Now hath he obtained a more excellent ministry - His office of priesthood is more excellent than the Levitical, because the covenant is better, and established on better promises: the old covenant referred to earthly things; the new covenant, to heavenly. The old covenant had promises of secular good; the new covenant, of spiritual and eternal blessings. As far as Christianity is preferable to Judaism, as far as Christ is preferable to Moses, as far as spiritual blessings are preferable to earthly blessings, and as far as the enjoyment of God throughout eternity is preferable to the communication of earthly good during time; so far does the new covenant exceed the old.
But now hath he obtained - That is, Christ.
A more excellent ministry - A service of a higher order, or of a more exalted nature. It was the real and substantial service of which the other was but the emblem; it pertained to things in heaven, while that was concerned with the earthly tabernacle; it was enduring, while that was to vanish away; see the notes on 2 Corinthians 3:6-9.
By how much - By as much as the new covenant is more important than the old, by so much does his ministry exceed in dignity that under the ancient dispensation.
He is the mediator - see the notes on Galatians 3:19-20, where the word “mediator” is explained. It means here that Christ officiates between God and man according to the arrangements of the new covenant.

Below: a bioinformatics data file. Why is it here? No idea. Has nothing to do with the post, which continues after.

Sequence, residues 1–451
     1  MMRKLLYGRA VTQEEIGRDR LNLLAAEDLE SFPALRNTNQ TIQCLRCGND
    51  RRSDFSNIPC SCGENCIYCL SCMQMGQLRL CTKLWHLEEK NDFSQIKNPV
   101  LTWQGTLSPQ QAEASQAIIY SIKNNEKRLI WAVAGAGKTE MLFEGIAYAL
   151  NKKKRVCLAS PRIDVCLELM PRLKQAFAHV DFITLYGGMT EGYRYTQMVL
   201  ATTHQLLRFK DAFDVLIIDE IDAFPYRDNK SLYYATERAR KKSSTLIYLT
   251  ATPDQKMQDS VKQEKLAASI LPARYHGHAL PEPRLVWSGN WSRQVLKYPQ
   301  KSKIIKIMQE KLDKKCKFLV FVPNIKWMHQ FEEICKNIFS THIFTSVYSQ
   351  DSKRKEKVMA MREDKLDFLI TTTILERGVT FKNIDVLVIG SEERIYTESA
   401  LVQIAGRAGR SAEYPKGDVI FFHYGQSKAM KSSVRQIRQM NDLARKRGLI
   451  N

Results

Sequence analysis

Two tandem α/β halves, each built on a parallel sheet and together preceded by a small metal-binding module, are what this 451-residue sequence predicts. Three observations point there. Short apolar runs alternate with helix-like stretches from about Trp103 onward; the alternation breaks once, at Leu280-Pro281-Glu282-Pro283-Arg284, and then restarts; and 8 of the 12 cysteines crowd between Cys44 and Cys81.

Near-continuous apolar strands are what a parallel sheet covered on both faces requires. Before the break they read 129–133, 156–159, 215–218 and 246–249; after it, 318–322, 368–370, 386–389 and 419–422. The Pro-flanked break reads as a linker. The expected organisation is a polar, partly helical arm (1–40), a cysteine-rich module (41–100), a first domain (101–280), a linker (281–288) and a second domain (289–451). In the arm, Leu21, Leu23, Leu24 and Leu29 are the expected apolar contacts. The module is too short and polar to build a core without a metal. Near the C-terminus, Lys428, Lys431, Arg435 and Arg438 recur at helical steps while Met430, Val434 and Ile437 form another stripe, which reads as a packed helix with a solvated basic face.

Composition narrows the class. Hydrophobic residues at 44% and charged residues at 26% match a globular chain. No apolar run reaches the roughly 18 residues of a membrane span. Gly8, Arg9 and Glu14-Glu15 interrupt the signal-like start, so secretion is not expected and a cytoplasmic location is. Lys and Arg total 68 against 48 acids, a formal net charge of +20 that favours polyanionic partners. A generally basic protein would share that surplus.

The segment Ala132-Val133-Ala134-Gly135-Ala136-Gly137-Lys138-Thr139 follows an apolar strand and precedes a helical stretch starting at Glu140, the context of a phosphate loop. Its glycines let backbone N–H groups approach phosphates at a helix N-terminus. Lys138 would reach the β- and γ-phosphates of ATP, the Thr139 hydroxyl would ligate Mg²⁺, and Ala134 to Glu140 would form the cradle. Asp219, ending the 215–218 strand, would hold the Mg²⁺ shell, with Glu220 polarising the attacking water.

Of a better covenant - Margin, “Or testament.” This word properly denotes a “disposition, arrangement, or ordering” of things; and in the Scriptures is employed to describe the arrangement which God has made to secure the maintenance of his worship on earth, and the salvation of people. It is uniformly used in the Septuagint and in the New Testament to denote the covenant which God makes with people. The word which “properly” denotes a “covenant or compact” - συνθήκη sunthēkē- “suntheke” is never used. The writers of the New Testament evidently derived its use from the Septuagint, but why the authors of that version employed it as denoting a “will” rather than the proper one denoting a “compact,” is unknown. It has been supposed by some, and the conjecture is not wholly improbable, that it was because they were unwilling to represent God as making a “compact” or “agreement” with people, but chose rather to represent him as making a mere “arrangement or ordering of things;” compare the notes on Hebrews 8:8, and Hebrews 9:16-17. This is a better covenant than the old, inasmuch as it relates mainly to the pardon of sin; to a spiritual and holy religion; see Hebrews 8:10. The former related more to external rites and observances, and was destined to vanish away; see Hebrews 8:13. Which was established upon better promises - The promises in the first covenant pertained mainly to the present life. They were promises of length of days; of increase of numbers; of seed time and harvest; of national privileges, and of extraordinary peace, abunance, and prosperity. That there was also the promise of eternal life, it would be wrong to doubt; but this was not the main thing. In the new covenant, however, the promise of spiritual blessings becomes the principal thing. The mind is directed to heaven; the heart is cheered with the hopes of immortal life, the favor of God and the anticipation of heaven are secured in the most ample and solemn manner.